With Apple leading the movement, phones, tablets, laptops, and desktop displays are rapidly increasing in resolution. This is wonderful for everyday mobile users, as the quality of their device screens become sharper and allow them to better experience the finer details of an application.
In 2008 we released our first iOS PSD. We continue to do it, not only because we find useful, but because we think a lot of other designers do too.
There's been a bit of a buzz about the new app, Paper, released by Fifty Three in the past few days. If you haven't heard about it, Paper is a simple drawing app that aims to replicate the feel and experience of using a nice sketchbook. It strips away most of the Chrome that is part and parcel with the current spate of drawing applications on the iPad. It's a powerful idea: remove the UI, and you're free to experience the tools on their own terms, just as you would a pencil in real life. You're freed from the cognitive load of choosing the size of your brush, and are able to concentrate more on the act of creation.
Here are some pics of Readability on the iPad 2 (left) and the "new" iPad (right). You can see how well the new screens render Hoefler & Frere-Jones amazing fonts.
A few months back we talked about our partnership with Readability. Today, we're pleased to announce that the native apps are available on iOS.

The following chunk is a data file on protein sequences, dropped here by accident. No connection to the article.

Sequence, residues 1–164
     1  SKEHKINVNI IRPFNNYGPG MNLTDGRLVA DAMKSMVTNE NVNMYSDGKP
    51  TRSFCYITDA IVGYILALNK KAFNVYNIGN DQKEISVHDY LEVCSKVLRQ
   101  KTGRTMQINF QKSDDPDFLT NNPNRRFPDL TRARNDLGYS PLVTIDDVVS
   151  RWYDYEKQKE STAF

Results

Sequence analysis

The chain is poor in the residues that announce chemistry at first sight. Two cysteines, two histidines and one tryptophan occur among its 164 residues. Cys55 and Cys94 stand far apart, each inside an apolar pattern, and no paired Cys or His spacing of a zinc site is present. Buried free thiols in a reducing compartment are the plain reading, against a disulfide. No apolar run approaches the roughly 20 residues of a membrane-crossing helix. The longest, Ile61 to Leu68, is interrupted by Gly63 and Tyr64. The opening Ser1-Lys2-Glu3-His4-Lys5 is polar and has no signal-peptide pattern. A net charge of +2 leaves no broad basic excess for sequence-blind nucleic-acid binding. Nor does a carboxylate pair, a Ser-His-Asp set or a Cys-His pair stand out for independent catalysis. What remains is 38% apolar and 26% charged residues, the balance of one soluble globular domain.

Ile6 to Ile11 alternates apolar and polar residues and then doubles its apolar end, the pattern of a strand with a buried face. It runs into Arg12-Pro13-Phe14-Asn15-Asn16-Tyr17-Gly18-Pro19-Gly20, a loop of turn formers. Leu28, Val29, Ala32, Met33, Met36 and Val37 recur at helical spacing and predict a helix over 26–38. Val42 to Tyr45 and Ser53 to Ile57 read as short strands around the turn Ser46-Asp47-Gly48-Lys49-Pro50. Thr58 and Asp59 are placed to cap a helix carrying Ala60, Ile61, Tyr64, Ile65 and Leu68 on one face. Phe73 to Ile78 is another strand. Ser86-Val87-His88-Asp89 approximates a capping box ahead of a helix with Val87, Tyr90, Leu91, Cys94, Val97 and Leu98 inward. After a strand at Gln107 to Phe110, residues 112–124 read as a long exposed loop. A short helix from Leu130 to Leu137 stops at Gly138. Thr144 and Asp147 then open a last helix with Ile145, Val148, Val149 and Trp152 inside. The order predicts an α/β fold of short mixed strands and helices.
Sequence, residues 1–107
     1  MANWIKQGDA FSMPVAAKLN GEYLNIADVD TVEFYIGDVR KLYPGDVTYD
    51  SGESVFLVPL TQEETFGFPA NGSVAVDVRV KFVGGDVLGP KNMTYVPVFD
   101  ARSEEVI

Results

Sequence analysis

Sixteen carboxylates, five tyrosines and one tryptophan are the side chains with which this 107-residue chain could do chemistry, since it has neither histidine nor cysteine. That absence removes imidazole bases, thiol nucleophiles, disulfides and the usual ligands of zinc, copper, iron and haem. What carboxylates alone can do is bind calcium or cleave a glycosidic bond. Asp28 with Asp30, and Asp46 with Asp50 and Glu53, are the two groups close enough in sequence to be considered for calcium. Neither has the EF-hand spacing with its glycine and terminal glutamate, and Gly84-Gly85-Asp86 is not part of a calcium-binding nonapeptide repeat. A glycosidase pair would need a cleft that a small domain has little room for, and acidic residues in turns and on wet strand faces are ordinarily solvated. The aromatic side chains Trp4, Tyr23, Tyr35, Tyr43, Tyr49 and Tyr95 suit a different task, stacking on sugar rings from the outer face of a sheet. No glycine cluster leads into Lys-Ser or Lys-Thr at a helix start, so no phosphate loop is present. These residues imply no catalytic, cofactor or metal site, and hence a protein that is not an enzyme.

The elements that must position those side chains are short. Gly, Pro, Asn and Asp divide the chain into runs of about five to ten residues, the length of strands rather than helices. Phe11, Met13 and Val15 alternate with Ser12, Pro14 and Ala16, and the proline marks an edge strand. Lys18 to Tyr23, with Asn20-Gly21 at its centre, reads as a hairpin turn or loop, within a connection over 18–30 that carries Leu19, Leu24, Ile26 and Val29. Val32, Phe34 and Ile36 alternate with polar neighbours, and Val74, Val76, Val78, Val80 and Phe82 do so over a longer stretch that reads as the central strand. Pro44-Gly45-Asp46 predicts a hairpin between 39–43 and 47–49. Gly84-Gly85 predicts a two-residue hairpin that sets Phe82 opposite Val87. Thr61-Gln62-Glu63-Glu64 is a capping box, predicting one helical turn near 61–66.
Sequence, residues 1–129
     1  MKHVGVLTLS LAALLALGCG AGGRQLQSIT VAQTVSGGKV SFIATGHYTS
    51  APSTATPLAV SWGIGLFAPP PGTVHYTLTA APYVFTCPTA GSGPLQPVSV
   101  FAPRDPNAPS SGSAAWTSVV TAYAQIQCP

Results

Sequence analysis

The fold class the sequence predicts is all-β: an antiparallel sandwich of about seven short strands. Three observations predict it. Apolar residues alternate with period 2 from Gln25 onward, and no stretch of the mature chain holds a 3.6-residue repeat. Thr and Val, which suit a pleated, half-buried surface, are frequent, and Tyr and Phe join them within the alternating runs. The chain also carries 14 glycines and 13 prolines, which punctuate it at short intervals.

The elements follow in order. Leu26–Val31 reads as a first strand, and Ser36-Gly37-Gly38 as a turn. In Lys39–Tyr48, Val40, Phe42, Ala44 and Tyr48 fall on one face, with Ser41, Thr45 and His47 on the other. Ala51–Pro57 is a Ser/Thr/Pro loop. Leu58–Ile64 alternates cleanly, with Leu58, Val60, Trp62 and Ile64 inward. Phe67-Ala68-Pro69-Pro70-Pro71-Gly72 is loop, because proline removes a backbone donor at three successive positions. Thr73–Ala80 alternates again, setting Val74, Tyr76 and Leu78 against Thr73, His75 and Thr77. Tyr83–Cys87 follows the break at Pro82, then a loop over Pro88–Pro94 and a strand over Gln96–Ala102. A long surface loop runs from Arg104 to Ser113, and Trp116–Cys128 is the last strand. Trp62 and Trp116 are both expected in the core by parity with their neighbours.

Yesterday, David Murdico wrote for Ad Age about 5 Ways to Get More Out of Your Digital Agency. In the article, he discusses how brand managers can maximize the results they get from the professional service firms they hire.
It's been over a year since we moved into our new space in Liberty Village, and believe it or not, it's taken us about as long to finally settle-in. We really love it here, but always have ideas for improving things to make it even more of a creative and collaborative environment.
When creating a web site for multiple screens and devices, many options need to be explored to determine how to create the best web experience while maintaining a consistent and optimal user experience. With the variety of devices used to view the web already, from phones and desktop computers, to netbooks and tablets, this list will only continue to grow.
We don't often write about products that we didn't work on, but I came across Path last night and felt it was worth talking about. Path has been around since November of last year.
A few months back Fast Company’s Co.Design blog published a controversial post that triggered a lot of discussion. In their article provocatively titled User-Led Innovation Can't Create Breakthroughs; Just Ask Apple and Ikea, Jens Martin Skibsted and Rasmus Bech Hansen wrote: “[User-centered design] doesn’t work.
Every time we create one of these files we notice just how much has changed. I'm not talking about the obvious stuff like iCloud, Siri or Notifications.
By now most people working in the digital channel will have heard some of the buzz about content strategy. But unless you’ve worked on a UX project with a content strategy component, its exact role can be a bit of a mystery.